The Walden Effect: Farming, simple living, permaculture, and invention.

Chemical-free fungal prevention

Rainy day
Dear Anna,

This light rain was a constant in Aug. '75, when I had morning-sickness and was trying to sort thru curing onions, at the Old House at the Store.  A year or 2 earlier, still in that house, it rained all summer, and the bushes expanded, the trees drooped, and Geoff Greene called it "the Mendoty Blues"!  Good weather for ducks....

Love, Mom

Propping up peach

Rain has been a near constant on the farm so far this year, with no end in sight.  This is our seventh year here, and most have been moderate or "dry" except for this year and the summer of 2009.  (I put "dry" in quotes because even our driest years are pretty wet, with our average rainfall being about an inch per week for all twelve months.)

So I'm taking evasive action.  A few of the peach branches are drooping down toward the ground under the weight of the developing fruits.  I probably should have thinned harder, but as a stopgap measure, I'm propping the low limbs up on fence posts to keep them out of the three-foot fungal zone right above the ground.

Pruning tomatoes

And, of course, I'm pruning and training our tomatoes hard.  The toughest part this year has been finding a time when the leaves are dry enough to touch!

Some of the strawberries are rotting in the wet, but there are so many that even losing 20% barely makes a dent in the harvest.  I've taken to picking the fruits slightly unripe, though, to keep decay at bay.

What kind of non-chemical fungal-prevention techniques do you use?

Our chicken waterer keeps our flocks happy with clean water even if they're cooped up due to rain showers.

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About us: Anna Hess and Mark Hamilton spent over a decade living self-sufficiently in the mountains of Virginia before moving north to start over from scratch in the foothills of Ohio. They've experimented with permaculture, no-till gardening, trailersteading, home-based microbusinesses and much more, writing about their adventures in both blogs and books.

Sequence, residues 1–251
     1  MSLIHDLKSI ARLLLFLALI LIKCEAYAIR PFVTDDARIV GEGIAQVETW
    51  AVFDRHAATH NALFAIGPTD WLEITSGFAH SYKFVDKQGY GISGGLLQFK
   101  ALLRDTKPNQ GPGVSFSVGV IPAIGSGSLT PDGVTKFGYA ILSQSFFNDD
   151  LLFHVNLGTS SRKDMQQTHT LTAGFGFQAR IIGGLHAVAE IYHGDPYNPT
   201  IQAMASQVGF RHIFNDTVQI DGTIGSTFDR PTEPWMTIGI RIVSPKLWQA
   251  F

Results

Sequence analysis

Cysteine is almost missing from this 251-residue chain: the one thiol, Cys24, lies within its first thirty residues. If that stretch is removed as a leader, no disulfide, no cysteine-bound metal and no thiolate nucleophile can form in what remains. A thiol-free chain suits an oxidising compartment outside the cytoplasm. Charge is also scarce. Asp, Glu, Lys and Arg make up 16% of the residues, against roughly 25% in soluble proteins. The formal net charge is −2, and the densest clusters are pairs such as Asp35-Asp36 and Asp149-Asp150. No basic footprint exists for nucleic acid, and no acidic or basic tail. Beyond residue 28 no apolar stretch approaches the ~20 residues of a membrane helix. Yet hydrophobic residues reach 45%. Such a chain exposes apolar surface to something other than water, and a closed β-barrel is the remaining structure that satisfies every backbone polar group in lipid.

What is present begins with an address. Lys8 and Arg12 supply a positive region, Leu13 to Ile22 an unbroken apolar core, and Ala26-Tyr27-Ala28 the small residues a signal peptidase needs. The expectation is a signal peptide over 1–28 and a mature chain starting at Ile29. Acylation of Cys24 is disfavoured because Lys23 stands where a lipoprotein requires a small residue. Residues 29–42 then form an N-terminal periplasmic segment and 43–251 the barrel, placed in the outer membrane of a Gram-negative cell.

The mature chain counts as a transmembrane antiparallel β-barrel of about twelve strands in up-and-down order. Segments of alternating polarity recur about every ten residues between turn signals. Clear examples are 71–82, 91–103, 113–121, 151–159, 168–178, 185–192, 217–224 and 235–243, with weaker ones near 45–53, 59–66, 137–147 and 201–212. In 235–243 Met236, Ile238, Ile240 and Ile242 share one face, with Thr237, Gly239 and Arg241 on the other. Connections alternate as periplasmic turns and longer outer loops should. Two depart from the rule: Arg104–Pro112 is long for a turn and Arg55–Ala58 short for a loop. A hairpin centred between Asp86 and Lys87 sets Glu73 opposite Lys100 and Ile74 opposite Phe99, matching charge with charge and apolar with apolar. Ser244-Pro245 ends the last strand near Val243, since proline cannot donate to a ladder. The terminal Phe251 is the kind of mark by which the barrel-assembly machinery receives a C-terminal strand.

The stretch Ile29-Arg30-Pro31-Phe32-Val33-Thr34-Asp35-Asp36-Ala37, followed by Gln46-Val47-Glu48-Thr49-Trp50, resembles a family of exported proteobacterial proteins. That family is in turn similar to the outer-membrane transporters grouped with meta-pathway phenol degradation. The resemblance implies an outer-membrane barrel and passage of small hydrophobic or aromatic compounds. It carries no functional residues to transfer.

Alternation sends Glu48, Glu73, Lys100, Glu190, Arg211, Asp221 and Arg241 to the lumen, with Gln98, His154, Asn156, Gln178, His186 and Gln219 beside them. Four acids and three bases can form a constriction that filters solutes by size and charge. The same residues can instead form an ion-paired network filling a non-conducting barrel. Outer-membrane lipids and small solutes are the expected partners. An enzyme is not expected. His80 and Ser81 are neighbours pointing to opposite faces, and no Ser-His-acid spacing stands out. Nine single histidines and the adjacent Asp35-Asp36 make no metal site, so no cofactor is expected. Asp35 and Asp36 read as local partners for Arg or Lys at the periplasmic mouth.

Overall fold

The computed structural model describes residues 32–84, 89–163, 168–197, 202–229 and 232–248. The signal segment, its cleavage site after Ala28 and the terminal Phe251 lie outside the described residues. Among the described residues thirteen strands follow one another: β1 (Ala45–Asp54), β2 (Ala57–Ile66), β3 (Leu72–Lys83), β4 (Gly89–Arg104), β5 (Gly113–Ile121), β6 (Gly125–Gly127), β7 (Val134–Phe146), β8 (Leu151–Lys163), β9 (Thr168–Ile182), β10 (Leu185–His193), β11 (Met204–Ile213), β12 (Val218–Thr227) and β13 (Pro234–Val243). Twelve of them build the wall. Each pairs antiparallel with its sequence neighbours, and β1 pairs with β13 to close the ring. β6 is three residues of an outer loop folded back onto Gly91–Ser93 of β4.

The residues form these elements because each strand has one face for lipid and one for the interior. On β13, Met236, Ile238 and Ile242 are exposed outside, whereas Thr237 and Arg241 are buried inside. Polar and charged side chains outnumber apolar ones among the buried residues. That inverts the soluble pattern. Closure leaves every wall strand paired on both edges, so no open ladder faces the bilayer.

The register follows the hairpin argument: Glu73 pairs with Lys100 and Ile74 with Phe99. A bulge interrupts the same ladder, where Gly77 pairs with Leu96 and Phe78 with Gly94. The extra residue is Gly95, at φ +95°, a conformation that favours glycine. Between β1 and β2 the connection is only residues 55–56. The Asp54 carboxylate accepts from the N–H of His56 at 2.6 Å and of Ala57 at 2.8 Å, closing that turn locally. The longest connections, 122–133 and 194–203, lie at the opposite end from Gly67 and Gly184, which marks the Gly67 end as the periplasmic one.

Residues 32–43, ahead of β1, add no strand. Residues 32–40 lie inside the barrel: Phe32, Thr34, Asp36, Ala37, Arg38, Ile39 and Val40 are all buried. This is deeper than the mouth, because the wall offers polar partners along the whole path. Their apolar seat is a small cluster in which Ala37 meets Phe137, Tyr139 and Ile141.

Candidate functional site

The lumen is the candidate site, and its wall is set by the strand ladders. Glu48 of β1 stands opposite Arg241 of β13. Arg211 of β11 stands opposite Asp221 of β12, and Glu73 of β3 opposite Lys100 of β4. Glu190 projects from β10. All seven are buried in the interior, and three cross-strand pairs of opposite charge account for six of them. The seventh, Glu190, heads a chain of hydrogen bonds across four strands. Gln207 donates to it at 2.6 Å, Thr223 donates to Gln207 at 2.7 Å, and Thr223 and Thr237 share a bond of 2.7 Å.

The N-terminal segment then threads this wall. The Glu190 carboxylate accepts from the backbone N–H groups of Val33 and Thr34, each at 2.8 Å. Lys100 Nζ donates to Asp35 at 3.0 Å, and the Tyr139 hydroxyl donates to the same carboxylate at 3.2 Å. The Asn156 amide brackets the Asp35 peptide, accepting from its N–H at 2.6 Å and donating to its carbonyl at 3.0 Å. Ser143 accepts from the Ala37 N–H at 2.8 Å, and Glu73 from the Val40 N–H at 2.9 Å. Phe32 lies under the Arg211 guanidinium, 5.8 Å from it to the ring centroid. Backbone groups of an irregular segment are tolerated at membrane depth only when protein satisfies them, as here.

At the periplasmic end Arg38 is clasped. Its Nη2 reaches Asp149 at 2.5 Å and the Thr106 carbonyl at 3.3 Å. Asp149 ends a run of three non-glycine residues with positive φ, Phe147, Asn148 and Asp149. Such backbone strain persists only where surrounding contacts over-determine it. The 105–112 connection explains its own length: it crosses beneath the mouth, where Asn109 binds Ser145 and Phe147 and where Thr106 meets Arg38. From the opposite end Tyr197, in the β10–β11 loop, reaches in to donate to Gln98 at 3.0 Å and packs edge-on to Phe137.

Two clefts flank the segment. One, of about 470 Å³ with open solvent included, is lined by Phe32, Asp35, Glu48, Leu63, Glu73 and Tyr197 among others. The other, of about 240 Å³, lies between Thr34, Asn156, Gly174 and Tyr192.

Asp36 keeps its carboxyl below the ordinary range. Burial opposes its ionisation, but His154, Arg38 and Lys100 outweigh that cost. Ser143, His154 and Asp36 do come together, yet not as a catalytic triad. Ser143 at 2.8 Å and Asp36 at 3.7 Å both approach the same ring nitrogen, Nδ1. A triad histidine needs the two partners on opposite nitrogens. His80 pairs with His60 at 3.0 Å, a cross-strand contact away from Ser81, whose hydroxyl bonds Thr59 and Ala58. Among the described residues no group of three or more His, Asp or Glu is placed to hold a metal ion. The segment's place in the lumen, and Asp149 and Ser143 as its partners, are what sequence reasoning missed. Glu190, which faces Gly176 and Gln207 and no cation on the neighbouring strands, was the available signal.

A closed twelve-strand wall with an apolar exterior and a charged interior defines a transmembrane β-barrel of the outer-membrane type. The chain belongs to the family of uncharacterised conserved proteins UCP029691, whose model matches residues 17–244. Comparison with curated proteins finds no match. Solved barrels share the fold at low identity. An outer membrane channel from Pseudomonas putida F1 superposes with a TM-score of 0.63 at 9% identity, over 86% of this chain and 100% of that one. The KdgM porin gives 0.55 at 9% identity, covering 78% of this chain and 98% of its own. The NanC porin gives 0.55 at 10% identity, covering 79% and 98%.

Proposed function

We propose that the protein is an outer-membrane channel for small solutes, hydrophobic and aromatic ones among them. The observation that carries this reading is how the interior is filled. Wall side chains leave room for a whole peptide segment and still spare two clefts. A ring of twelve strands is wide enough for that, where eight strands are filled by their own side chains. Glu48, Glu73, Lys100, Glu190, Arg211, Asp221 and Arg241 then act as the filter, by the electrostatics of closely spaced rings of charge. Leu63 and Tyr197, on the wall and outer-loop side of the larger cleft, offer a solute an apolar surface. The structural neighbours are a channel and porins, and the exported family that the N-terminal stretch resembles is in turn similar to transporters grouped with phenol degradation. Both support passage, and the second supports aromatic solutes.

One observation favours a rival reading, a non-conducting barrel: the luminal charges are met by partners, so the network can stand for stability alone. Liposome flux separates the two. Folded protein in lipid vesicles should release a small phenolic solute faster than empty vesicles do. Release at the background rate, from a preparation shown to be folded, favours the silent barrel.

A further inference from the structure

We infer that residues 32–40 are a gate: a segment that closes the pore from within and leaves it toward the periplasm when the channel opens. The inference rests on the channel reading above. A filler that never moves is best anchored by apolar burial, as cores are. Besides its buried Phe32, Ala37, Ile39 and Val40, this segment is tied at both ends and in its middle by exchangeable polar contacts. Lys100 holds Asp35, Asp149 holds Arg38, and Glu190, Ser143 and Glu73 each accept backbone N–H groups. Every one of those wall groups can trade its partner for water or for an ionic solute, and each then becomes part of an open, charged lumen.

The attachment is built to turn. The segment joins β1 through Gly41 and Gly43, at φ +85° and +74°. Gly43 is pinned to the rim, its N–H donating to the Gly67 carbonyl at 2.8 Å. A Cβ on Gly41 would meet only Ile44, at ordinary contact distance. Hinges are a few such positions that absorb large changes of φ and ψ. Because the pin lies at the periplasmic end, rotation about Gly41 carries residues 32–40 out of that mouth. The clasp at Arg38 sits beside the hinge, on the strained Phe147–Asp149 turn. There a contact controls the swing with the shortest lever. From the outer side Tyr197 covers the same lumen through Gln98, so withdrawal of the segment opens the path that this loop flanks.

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Just curious if you have your own rain gauge and/or weather station, or if you get your rainfall totals from some of the Weather Service websites? and if so, which brand? (we want to install a weather station on our homestead and are looking for recommendations.)

and yeah, this has been a crazy year, weather-wise. It feels like it might be the new normal, though.

Cheers, Karen

Comment by Karen Tue Jun 11 08:53:48 2013

Karen --- I used to use a cheap plastic rain gauge, but after I left two of them out over the winter and they cracked and were ruined, I gave up for the time being. I've dreamed about getting one of those weather stations, but all of the cheap ones seem to (and likely to die quickly, which just makes me sad).

I did settle on this thermometer as virtually unbreakable, even in our high humidity, and it's been going strong for nearly a year now. Probably the solution for me will be to find something equally durable for rain measurement --- maybe just those cheap plastic rain gauges, but take them in for the winter.

In the meantime, I keep an eye on five gallon buckets scattered across the yard to get a rough estimate of how much rain has fallen. It's very low tech, but works at giving me an idea of whether we've gotten that critical inch of rain per week.

Comment by anna Tue Jun 11 12:43:03 2013

I haven't needed to use this recipe yet (I live in a desert rather than a forest) but this ginger & garlic fungicide recipe looks very promising.

I have tried several of the other natural recipes mentioned on the site with good success. I am in the middle of making my own version of fish hydrolysate (fertilizer) but using discarded chicken parts instead of fish. (The author lives in the Philipines where fish is much more plentiful than it is here.)

Comment by David Tue Jun 11 20:36:53 2013
I read (in an old seed catalogue) that the blight fungus requires 48 hours of damp/wet foliage to get started. With the summer rainfall that you experience, would it not be worthwhile to grow tomatoes under cover? Coleman's 4 season farm website has complete plans for a 12' wide 7' high portable hoophouse made from EMT. You wouldn't need to cover the sides. I grow my transplants under a 4' high plastic tunnel (and with clear plasic mulch to heat the soil) until the rains stop (no summer rains here). Tweaks to the microclimate can pay back big time.
Comment by Jackie Tue Jun 11 21:11:27 2013

Oh how I would take some of your rain! I think we have not gotten an inch of rain since winter, This was an interesting post however, ( and I love the hat!)

Comment by Deb Wed Jun 12 00:34:41 2013

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